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Telly has ways of making kids talk

Tinky Winky encourages dressing up and the Boobahs can get children bouncing around. Helen Ward reports

Young children are not couch potatoes: watching television is more likely to make them dance, sing and chatter to the on-screen characters, a conference will be told next week.

TV is often cited as one of the reasons why children have poor communication skills. But speakers at the event, organised by the early language campaign, Talk to Your Baby, will argue that the medium can be a powerful way of helping children become literate.

Anne Wood, co-creator of Teletubbies, said children will immediately engage if a programme catches their interest. "Four-year-olds will start jumping about, especially with the Boohbahs," she said.

The Boohbahs, colourful magical atoms whose movement is stopped and started by children saying the word "Boohbah", are a new favourite on ITV.

Guidelines on teaching speaking and listening were issued to all schools last term, and the Government has recently commissioned a training programme for pre-school practitioners.

David Bell, chief inspector, has said he is concerned that the speaking skills of children are at an all-time low.

At the conference, researchers and programme-makers are to discuss how TV can contribute to language development.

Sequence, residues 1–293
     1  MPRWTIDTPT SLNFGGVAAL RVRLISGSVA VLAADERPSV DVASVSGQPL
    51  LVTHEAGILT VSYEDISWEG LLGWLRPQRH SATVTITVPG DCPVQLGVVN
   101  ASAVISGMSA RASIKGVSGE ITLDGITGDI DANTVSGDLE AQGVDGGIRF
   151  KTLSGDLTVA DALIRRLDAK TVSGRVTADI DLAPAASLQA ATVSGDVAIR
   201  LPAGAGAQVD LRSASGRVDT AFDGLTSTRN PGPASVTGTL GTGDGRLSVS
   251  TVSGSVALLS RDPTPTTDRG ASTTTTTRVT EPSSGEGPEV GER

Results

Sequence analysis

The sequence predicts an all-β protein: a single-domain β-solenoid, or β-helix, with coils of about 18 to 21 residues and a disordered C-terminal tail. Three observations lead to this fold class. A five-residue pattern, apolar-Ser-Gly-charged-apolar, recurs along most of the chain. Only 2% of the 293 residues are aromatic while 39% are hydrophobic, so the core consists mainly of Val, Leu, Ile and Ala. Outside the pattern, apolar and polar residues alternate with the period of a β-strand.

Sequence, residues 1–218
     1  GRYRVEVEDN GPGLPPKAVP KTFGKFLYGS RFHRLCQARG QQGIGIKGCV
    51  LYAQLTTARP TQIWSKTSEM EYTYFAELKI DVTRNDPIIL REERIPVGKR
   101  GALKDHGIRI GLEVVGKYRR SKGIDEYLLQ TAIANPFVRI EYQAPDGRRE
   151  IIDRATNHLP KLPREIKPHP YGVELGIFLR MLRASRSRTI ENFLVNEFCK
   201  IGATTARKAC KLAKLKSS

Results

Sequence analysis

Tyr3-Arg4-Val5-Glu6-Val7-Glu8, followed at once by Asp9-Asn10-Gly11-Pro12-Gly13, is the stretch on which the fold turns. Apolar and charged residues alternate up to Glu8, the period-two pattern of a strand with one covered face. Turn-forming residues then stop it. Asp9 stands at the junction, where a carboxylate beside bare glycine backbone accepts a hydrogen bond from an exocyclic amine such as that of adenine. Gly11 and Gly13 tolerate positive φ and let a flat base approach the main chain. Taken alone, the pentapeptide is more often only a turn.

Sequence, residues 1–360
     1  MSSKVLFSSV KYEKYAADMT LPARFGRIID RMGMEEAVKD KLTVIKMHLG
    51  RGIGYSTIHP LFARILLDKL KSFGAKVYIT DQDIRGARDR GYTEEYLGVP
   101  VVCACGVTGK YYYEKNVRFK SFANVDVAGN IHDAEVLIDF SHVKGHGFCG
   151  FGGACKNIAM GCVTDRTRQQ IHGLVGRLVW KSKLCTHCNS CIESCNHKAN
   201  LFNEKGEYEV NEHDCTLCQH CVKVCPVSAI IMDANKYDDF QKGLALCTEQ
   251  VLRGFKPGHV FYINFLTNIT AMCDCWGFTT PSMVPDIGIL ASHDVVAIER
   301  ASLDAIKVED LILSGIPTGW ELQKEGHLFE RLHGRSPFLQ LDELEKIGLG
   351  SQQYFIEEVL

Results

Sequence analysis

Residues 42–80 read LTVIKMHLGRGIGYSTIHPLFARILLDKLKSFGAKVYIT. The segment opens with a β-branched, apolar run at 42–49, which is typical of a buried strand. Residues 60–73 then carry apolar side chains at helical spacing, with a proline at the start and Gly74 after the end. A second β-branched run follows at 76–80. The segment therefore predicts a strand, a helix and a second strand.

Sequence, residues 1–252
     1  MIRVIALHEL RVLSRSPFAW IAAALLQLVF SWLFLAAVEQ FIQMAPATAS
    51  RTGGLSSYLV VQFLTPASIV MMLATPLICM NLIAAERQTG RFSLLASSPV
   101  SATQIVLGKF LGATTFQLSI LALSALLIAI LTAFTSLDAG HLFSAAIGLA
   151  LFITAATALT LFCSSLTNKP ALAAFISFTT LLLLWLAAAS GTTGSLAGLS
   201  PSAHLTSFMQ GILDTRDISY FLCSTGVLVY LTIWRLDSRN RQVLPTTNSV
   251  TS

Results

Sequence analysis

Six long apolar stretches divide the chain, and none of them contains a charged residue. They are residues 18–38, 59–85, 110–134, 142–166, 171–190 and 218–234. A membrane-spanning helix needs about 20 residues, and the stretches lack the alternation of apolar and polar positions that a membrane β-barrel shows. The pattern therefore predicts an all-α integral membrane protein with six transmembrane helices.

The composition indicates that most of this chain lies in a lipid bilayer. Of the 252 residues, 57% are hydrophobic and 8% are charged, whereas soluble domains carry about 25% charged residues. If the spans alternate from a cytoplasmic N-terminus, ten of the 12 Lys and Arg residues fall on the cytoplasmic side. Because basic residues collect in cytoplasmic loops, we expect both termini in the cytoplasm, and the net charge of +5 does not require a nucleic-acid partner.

Dr Jackie Marsh of the University of Sheffield will relate how she gave nursery children media boxes to take home, which included a video of a TV programme, such as the Teletubbies, and a range of language games and reading material. She said: "Children would talk about the TV programme and develop play around the characters.

One box had dressing-up clothes so children could pretend to be Tinky Winky, one of the Teletubbies. Children were asked to write instructions to mend Noo Noo, the vacuum cleaner, who had broken down.

"Children at nursery were highly motivated, particularly boys. It is about using TV effectively."

She also challenges the idea that watching TV is passive. "We did a study in Sheffield and only one child out of 44 families sat passively in front of the TV. All the other parents said children would be dancing, singing, talking to the characters or playing with dolls. Children are not couch potatoes."

Anne Wood said that TV is not comparable to a classroom, and should not be treated as such. "Once you allow the debate to become TV versus learning then you increase anxiety to the point where support for the proper development of TV dries up."

The one-day conference: TV is here to stay - How can television contribute to children's language development? is in London on Monday March 15. or 0207 828 2435

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